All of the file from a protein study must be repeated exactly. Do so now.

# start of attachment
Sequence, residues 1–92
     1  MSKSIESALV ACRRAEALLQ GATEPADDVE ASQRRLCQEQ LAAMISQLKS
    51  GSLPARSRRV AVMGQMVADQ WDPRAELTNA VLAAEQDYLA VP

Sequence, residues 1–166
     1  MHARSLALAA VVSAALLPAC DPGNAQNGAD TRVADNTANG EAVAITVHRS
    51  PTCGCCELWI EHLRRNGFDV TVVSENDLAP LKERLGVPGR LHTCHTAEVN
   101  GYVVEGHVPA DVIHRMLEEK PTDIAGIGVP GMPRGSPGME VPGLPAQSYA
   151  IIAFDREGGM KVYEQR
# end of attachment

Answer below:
Sequence, residues 1–92
     1  MSKSIESALV ACRRAEALLQ GATEPADDVE ASQRRLCQEQ LAAMISQLKS
    51  GSLPARSRRV AVMGQMVADQ WDPRAELTNA VLAAEQDYLA VP

Sequence, residues 1–166
     1  MHARSLALAA VVSAALLPAC DPGNAQNGAD TRVADNTANG EAVAITVHRS
    51  PTCGCCELWI EHLRRNGFDV TVVSENDLAP LKERLGVPGR LHTCHTAEVN
   101  GYVVEGHVPA DVIHRMLEEK PTDIAGIGVP GMPRGSPGME VPGLPAQSYA
   151  IIAFDREGGM KVYEQR